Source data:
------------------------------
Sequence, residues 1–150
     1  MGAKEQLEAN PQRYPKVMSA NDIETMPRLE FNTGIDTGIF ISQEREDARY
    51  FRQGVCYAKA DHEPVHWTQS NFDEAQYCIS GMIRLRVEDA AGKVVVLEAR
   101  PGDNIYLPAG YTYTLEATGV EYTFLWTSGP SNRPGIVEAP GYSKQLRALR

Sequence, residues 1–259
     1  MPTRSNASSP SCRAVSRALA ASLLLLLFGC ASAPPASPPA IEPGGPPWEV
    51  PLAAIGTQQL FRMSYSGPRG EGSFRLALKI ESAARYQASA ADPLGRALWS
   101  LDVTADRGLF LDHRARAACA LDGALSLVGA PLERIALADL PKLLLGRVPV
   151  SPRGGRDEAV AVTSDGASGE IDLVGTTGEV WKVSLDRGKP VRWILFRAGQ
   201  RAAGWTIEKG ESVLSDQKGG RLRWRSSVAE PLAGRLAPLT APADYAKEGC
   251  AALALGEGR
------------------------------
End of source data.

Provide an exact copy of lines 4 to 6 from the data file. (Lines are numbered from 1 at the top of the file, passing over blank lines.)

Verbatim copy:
   101  PGDNIYLPAG YTYTLEATGV EYTFLWTSGP SNRPGIVEAP GYSKQLRALR

Sequence, residues 1–259
     1  MPTRSNASSP SCRAVSRALA ASLLLLLFGC ASAPPASPPA IEPGGPPWEV